Whilst browsing Plymouth Central Library’s health and lifestyle section, I came across “Pain is Really Strange” written by Steve Haines and illustrated by Sophie Standing. The blurb describes the book as being able to answer what pain is, how nerves work and how we can change our pain experience, as well as exploring our ability to retrain the brain. Highly illustrative, this book offers some complex information about the experience of pain. This format is something I have never come across whilst researching fibromyalgia and its symptoms, so I was eager to explore.
Despite the book’s graphic novel aesthetic, I was surprised at the intensity of the information it was giving. It felt like a juxtaposition, aesthetically could be mistaken for a children’s book but with contents that are very complex. It starts by explaining different types of pain and how they present themselves. As I am a sufferer of chronic pain as part of fibromyalgia, I focused on studying Haine’s words on chronic pain specifically.
He describes chronic pain as being defined or diagnosed as lasting for longer than 3-6 months, including whilst its being treated. He states that pain is a reflex of emotion and memory and chronic pain has no real use to the human body; it’s like a bad habit. Pain is “your brain telling you it think’s something is dangerous”.
The book goes on to explore the nervous system and the science behind why we suffer with pain. From what I understand, the nervous system is made up of neurotags and if you pull on one element, pain is triggered. Chronic pain is a fault in the alarm system, as if the alarm levels are always turned up.
“Pain is Really Strange” goes on to give advice on how to deal with pain and its symptoms. Examples include being creative and paying more attention to the subtle movements your body makes, understanding your body and building a better map of it in your mind. Visualising body movements will also help. Haines also advises to be more curious to different sensations, as opposed to being fearful. This, coupled with using more positive descriptive terms and fitting metaphors, will help build a more positive outlook on your condition, as well as providing a language that provides potential for change.
The presentation was what drew me to this material. I have been handed numerous pamphlets and print outs since being diagnosed, and for me personally, I have found them to be very overwhelming to read. As part of my condition, I struggle to concentrate to a huge amount of text, often having to ask for assistance with reading and interpreting what is being said. With the use of illustrations and metaphors, I could digest the information and advice a lot easier, without assistance. It was really nice to be able to learn without help from someone else, making me feel more independent in controlling and understanding my condition. This in itself is unique and something I would like to adopt in my future work.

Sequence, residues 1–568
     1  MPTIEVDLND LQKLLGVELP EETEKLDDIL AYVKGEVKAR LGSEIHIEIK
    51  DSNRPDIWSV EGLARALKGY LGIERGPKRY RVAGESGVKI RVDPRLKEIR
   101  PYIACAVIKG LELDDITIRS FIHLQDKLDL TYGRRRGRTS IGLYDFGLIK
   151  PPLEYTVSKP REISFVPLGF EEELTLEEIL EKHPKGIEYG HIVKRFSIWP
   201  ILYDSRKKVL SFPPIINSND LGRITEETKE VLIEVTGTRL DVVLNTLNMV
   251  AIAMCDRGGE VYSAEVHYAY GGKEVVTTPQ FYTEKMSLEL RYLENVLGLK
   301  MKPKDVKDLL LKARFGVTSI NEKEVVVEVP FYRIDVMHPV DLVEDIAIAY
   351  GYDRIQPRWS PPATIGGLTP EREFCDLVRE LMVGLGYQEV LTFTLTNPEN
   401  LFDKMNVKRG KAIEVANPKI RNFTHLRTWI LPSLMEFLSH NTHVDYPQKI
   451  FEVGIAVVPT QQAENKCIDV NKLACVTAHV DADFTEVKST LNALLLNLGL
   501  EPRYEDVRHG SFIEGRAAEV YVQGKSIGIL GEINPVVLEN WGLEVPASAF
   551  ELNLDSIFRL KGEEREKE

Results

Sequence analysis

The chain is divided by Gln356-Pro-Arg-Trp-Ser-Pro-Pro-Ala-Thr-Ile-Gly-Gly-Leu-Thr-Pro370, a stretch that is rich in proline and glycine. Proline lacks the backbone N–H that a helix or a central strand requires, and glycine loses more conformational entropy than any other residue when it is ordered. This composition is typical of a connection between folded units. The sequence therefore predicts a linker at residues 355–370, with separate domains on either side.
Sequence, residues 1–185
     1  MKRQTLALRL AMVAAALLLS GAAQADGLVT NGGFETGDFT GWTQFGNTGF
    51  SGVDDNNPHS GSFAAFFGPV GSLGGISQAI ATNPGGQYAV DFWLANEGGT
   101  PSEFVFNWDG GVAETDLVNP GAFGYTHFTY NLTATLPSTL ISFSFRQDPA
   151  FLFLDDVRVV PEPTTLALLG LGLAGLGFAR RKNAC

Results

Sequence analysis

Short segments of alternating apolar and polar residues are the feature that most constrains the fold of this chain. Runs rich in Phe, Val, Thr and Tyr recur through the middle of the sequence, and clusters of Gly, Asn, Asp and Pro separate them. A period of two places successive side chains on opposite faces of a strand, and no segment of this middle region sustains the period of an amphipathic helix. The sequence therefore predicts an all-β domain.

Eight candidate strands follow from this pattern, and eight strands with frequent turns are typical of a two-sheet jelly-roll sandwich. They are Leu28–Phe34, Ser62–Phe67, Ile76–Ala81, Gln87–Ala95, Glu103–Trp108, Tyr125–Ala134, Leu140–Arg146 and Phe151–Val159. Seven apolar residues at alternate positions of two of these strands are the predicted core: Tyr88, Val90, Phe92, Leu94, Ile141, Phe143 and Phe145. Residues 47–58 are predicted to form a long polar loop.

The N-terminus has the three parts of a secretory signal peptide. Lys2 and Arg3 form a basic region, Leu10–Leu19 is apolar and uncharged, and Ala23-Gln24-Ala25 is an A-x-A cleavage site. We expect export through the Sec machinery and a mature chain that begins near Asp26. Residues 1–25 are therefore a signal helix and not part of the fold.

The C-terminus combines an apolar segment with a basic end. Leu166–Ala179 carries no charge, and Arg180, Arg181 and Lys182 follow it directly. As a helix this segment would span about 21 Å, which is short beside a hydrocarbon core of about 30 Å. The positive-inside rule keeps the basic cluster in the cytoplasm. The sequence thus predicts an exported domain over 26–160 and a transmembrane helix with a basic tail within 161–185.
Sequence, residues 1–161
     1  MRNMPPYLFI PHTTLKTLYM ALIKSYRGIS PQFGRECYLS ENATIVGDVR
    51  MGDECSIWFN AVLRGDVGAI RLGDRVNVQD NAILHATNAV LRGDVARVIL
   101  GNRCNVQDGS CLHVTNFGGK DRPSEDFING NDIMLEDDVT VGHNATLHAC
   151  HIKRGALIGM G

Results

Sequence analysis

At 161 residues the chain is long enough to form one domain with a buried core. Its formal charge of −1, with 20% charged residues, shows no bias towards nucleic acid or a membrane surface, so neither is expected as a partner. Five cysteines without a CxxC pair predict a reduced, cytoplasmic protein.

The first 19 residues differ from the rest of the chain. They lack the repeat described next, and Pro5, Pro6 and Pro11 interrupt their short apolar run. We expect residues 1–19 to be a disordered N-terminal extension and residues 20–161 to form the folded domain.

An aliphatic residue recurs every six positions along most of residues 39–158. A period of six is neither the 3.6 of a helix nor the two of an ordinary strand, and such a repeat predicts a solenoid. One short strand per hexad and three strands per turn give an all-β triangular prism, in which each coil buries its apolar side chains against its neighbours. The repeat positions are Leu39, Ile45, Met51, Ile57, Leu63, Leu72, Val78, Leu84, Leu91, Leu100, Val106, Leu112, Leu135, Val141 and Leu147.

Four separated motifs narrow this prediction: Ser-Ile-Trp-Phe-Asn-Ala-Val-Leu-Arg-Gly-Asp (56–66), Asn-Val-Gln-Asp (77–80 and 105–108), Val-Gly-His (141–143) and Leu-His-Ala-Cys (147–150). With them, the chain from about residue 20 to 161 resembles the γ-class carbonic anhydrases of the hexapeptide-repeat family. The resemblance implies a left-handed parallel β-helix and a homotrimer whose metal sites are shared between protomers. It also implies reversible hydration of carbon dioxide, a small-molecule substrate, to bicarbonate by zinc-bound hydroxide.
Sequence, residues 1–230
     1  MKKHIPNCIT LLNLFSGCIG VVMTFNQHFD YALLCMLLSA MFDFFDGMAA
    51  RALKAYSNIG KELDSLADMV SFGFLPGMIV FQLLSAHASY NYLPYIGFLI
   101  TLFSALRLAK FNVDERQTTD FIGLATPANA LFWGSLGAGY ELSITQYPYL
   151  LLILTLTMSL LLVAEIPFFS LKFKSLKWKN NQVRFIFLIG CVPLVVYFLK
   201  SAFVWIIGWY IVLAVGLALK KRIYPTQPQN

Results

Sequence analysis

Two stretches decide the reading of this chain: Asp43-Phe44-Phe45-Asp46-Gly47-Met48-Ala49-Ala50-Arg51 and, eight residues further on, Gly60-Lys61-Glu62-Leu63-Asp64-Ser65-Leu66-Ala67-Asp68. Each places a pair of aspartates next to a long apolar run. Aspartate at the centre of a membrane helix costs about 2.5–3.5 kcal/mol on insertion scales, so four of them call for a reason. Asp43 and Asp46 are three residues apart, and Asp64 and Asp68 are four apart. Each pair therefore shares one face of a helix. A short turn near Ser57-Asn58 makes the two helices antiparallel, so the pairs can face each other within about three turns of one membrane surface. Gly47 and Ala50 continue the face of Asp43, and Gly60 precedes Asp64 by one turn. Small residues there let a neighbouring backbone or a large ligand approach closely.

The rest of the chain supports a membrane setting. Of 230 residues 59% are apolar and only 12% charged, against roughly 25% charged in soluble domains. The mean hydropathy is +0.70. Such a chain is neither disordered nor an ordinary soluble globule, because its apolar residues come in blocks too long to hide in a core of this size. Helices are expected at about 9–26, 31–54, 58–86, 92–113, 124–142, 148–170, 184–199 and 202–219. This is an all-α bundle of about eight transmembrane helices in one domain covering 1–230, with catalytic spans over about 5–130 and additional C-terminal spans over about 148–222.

The use of full pages and multiple images on one page not only creates a pace (the same as a graphic novel or comic) it also allows information to be presented in more suitable ways, depending on its complexity. Full pages tend to have larger and more complex illustrative metaphors to accompany the text, where as multiple panels on one page offer examples or bite size information. This helped me further to make sense of what was being said.
A majority of pages also provided a small amount of text on the bottom, expanding on an idea or providing a quote from Haine’s research, as well as offering suggestions for further reading. This text is not essential to read, but gives further depth into the topic as well as providing an insight into Haine’s research materials
I read this book cover to cover in about an hour, whilst taking notes to help me digest the contents. I did have to re-read some pages but that was mainly because they offered more complicated material. I have looked at some reviews on this book to see how other people felt about it. With a 4.5 star review score on Amazon, numerous customers agree with me that it is an easier to digest format for a complicated subject matter. I feel this format is really approachable and can involve people who suffer with brain fog like myself, as well as people who struggle to read a lot of text, in learning about pain. Haines and Standing have collaborated on a second book called “Trauma is Really Strange”, which I plan to purchase and review soon, as this is a subject that is equally important to understand in regards to fibromyalgia.
A number of consumers of “Pain is Really Strange” also suggested that a book like this may be more suitable as a pamphlet available in a medical environment, such as hospitals or local GPs. I agree that this is something that is really missing from information we are given in a medical setting. I found this book in a library. Not all pain sufferers have the ability to go out and actively look for material like I am. I also never came across this whilst looking for books about chronic pain online, on sites such as Amazon, Waterstones or WHSmiths.
Overall, I feel that “Pain is Really Strange” is incredibly successful in conveying the message in an easy to digest manner, whilst also being aesthetically beautiful and intriguing. This has inspired me to be open to the idea of creating something with a more medical take on chronic fatigue and chronic pain.
Amazon. 2017. Pain is Really Strange. [ONLINE] Available at: https://www.amazon.co.uk/Pain-Really-Strange-Steve-Haines/dp/1848192649/ref=pd_sbs_14_1?_encoding=UTF8&psc=1&refRID=WH842GJ2SC4AX1WVZQC3. [Accessed 29 August 2017].
Haines, S, 2015. Pain is Really Strange. 1st ed. London: Singing Dragon.